Depth of field definition

Understanding the depth of field meaning and how to use it can drastically enhance the quality of your photos.

The captured scene always has several planes: foreground, subject, and background. By adjusting the camera settings, you can have either one plane that looks sharp while the others are blurry, or all the planes can be in focus. The former is called a shallow (small, narrow) DoF and the latter is a deep (large, wide) one.

Let’s have a look at some depth of field photography examples to better illustrate the difference between the two.

See below an example of a deep DoF, where all image details and planes look sharp from foreground to background.

And now have a look at a shallow depth of field photo, where only the bench and spruce boughs at the front are in focus. The objects behind this plane become blurred.

Here is another example of a very shallow DoF with just a piece of a postcard being crisp, while the area just in front of and behind it is fuzzy.

Have you noticed how your attention is directed to what is sharp? Do you perceive the intention of the images somehow differently?

This is what depth of field is meant for. It helps create a better composition and also adds additional meanings to your picture by highlighting interesting and important points and blurring the rest.

Depth of field usage

Many creators use a deep DoF in landscape, architecture, or real estate photography. As a rule, these types of photos need all the details to be sharp.

A shallow DoF is most common in portrait or macro photography, when we need to isolate the subject from the busy background. Sports or street photography can also use this technique to bring attention to someone or something.

However, these are not some cast-iron rules. Your creative ideas affect the choice of photography techniques.

You can adjust the image sharpness using the three main factors: aperture, distance to the subject, and focal length:

  1. Aperture

    Baseline: widen the aperture for a smaller depth of field or narrow the aperture to increase it.

    Aperture is the lens opening size. It determines how much of the photo will be in focus and how much — blurry.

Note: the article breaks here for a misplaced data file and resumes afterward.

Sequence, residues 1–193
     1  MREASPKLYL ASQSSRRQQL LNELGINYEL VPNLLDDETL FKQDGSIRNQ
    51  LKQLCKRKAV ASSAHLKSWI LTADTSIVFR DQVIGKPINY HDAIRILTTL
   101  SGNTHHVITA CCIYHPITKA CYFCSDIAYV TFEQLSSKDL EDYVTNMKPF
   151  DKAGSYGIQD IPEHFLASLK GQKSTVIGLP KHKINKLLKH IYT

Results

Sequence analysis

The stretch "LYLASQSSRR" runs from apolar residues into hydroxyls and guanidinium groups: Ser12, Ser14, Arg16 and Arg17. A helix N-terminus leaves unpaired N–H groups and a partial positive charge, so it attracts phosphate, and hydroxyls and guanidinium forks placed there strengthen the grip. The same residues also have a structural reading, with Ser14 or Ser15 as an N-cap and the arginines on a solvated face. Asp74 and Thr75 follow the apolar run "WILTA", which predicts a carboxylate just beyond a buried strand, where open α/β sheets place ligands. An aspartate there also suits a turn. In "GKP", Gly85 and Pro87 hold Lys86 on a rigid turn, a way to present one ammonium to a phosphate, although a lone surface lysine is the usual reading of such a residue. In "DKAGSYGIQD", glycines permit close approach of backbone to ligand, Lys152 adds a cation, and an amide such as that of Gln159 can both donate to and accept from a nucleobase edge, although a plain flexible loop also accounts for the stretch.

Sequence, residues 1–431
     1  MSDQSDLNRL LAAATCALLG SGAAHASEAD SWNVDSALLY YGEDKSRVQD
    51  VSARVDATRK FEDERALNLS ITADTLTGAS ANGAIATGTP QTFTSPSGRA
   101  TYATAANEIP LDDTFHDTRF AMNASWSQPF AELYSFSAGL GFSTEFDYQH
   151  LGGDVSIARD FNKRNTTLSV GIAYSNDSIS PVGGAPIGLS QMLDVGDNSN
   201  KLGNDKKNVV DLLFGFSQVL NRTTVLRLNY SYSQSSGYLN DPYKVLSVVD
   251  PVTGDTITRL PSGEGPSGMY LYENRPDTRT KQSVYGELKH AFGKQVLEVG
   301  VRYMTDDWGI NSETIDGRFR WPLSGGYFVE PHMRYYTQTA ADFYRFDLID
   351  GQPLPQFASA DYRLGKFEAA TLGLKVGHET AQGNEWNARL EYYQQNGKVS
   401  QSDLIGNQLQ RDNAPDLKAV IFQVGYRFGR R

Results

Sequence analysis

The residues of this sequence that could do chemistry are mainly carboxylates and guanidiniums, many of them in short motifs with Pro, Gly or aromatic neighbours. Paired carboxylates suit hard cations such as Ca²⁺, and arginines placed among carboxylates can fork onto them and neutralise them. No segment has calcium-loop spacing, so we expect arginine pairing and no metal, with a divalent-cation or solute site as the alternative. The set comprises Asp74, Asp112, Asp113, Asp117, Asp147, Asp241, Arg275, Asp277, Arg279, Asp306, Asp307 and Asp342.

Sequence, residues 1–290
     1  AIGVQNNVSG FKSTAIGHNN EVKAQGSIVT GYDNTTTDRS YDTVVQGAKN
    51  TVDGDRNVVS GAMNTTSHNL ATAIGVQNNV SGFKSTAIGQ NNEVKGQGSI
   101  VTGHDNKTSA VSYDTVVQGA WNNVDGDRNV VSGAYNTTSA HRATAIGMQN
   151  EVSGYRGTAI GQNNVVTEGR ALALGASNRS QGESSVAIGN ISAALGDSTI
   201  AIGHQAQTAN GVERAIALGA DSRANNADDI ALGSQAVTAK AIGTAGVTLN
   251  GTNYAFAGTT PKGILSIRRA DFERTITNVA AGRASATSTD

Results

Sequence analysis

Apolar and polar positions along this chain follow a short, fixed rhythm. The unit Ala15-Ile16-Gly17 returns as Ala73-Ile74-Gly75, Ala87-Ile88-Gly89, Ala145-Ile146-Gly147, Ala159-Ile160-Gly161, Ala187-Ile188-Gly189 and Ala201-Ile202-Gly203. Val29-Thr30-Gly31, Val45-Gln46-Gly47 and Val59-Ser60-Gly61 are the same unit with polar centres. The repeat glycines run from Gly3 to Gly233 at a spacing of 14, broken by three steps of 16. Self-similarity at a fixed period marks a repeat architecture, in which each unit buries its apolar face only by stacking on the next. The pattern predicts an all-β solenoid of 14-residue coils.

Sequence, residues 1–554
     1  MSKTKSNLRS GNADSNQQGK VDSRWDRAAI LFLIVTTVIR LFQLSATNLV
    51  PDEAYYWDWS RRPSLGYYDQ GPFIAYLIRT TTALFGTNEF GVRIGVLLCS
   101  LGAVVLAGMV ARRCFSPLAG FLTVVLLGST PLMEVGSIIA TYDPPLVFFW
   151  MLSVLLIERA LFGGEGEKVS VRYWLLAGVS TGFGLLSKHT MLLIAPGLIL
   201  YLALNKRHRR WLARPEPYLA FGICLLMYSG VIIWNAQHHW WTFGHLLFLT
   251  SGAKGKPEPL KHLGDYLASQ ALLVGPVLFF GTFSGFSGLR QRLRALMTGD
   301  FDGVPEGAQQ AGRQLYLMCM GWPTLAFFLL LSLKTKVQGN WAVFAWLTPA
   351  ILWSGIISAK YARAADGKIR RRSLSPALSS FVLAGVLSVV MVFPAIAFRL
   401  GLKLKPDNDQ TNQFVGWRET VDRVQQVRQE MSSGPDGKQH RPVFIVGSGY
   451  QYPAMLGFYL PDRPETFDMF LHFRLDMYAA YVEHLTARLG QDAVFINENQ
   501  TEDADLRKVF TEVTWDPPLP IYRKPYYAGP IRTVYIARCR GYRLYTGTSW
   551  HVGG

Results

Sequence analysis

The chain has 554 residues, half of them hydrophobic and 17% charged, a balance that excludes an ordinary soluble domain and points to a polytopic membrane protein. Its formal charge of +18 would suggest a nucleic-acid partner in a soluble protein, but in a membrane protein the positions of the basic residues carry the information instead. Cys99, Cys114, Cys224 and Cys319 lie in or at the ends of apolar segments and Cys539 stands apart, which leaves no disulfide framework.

To get a fuzzy background around your subject, also known as bokeh, you need to open the aperture — that is, set smaller f-stop numbers, like f/1.4 or f/2.8. On the other hand, larger numbers, like f/16 or f/22, will result in images where the front and back will be crisp.

  2. Distance

    Baseline: move closer to the subject for a smaller depth of field or move away to increase it.

    Distance between the camera and the point of focus can also affect DoF. As you step away, the zone of focus around the latter is getting larger. There are even various online calculators to help you play around and determine the best distance based on your settings.

  3. Focal length

    Baseline: use a longer focal length for a smaller depth of field or shorter to increase it.

    The focal length describes the distance between the lens and the sensor. It can be 50mm, or 200, or 18-55mm, or some other. When you use a longer one, like 85mm or more, the objects around the subject become blurrier. A wide-angle lens, like 24mm or less, will make more of the picture in focus.

    Thus, you can combine all three factors — open the aperture as much as your camera allows, come as close to your subject as possible, and use a telephoto lens — your image will have an extremely shallow depth of field. Change one or all of the factors, and you will get a medium or large DoF.

    Depending on your goals you can balance these settings to produce the effect that exactly meets your intentions. Additionally, you can always enhance the effects during post-editing.